Case 162 - Discussion

Uploaded: 2008-01-04, Updated: 2008-01-05

 

Medullary Adenocarcinoma of the Colon

The Key Features

  • Large ulcerative mass in the proximal colon;

  • Poorly differentiated, in nests, cords, trabecula and sheets; infrequent glandular differentiation;

  • Crohn's-like lymphoid reaction;

  • Most cases MSI-H

CLINICAL FEATURES

  • Age: elder, mean age of 71 years; slightly female predominance;

  • Marked predilection for the proximal colon with most  cases located proximally to the splenic flexure.

GROSS FINDINGS

  • Always show an expanding pattern of growth with an ulcerated mucosal component, but the tumor are principally in the submucosa
    and often invade through the entire bowel wall;

  • Larger than classic poorly differentiated colonic adenocarcinoma, 70% medullary adenocarcinoma over 7 cm.

MICROSCOPIC FINDINGS

  • Tumor cells are usually arranged in nests, cords, trabecula and sheets with extensive infiltration into the intestinal wall;

  • Glandular differentiation is absent or minimal;

  • Perineural and angiolymphatic invasion are common;

  • Crohn's-like lymphoid reaction with intense peri-tumor and intra-tumor lymphoid infiltrate;

  • Tumor cells

    • Small to medium size cells with a variable amount of eosinophilic or amphophilic cytoplasm;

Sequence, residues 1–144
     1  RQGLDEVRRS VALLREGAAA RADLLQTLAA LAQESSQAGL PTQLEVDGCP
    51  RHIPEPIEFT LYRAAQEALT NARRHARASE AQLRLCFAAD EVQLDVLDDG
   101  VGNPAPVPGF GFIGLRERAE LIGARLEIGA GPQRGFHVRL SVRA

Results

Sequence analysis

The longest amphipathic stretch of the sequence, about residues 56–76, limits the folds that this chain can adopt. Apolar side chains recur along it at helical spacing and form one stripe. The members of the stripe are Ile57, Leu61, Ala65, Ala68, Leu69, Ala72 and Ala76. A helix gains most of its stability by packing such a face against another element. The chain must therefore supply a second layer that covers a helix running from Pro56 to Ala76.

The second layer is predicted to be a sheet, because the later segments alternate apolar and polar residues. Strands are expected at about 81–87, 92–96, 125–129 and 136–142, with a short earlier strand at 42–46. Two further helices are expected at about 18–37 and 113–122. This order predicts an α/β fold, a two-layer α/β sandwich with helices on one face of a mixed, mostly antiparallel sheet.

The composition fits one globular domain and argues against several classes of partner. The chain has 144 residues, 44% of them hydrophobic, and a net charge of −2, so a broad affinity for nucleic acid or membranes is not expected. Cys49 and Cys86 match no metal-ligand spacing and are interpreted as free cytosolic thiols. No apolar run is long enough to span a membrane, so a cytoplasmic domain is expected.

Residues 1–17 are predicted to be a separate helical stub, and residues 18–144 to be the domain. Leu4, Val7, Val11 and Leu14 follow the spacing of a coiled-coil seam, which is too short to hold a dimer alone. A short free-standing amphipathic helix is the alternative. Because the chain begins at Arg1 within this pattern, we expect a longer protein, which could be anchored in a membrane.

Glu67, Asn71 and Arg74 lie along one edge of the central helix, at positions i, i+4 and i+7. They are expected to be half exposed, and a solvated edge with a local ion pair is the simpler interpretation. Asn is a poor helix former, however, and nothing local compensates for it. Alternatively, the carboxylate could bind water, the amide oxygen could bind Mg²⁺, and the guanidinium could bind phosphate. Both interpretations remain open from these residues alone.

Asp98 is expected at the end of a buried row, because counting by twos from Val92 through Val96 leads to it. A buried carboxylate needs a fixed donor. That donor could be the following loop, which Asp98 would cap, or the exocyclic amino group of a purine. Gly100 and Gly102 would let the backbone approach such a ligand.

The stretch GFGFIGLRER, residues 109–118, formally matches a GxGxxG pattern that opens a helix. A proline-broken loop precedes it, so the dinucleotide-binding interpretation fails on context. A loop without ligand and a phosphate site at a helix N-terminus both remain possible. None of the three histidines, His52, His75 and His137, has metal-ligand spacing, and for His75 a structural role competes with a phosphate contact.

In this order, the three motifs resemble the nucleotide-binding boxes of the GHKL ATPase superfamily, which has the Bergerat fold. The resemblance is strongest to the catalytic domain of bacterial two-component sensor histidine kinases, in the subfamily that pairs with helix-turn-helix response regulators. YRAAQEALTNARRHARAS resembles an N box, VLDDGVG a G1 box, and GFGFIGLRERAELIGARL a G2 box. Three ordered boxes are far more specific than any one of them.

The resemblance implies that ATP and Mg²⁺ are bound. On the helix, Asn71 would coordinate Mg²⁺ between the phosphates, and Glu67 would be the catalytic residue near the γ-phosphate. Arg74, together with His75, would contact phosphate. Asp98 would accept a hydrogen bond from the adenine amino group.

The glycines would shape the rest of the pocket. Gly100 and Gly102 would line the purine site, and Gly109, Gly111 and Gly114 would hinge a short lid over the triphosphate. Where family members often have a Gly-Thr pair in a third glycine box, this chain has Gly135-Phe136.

• High N/C ratios, round to oval nuclear contours, vesicular chromatin, and prominent nucleoli;

    • Mitotic figures are prominent, as were apoptotic bodies.

IMMUNOHISTOCHEMISTRY AND SPECIAL STAINS

  • A minority of cases are positive for chromogranin A and synaptophysin.

CYTOGENETIC STUDIES

  • Most of cases show MSI-H status;

  • MSI (also termed DNA replication errors, RER, or ubiquitous somatic mutation): abnormality results in extensive instability in repeated nucleotide sequences called microsatellites that is termed microsatellite instability. MSI is caused by inactivation of one of a group of genes responsible for nucleotide mismatch repair, including hMSH2, hMLH1, PMS1, PMS2, hMSH6/GTBP, and hMSH3. Hereditary nonpolyposis colorectal cancer syndrome (HNPCC) is usually the result of a germline mutation in hMSH2 or hMLH1.

TREATMENT AND PROGNOSIS

  • Better clinical outcome compared with classic poorly differentiated colonic adenocarcinoma.

REFERENCES

  • Journal of Clinical Oncology, Vol 17, Issue 8 (August), 1999: 2429.

  • American Journal of Pathology, Vol 150, 1815-1825.

  • Am J Clin Pathol 2005;123:56-65.

  • Histopathological identification of colon cancer with microsatellite instability. Am J Pathol. 2001 Feb;158(2):527-35.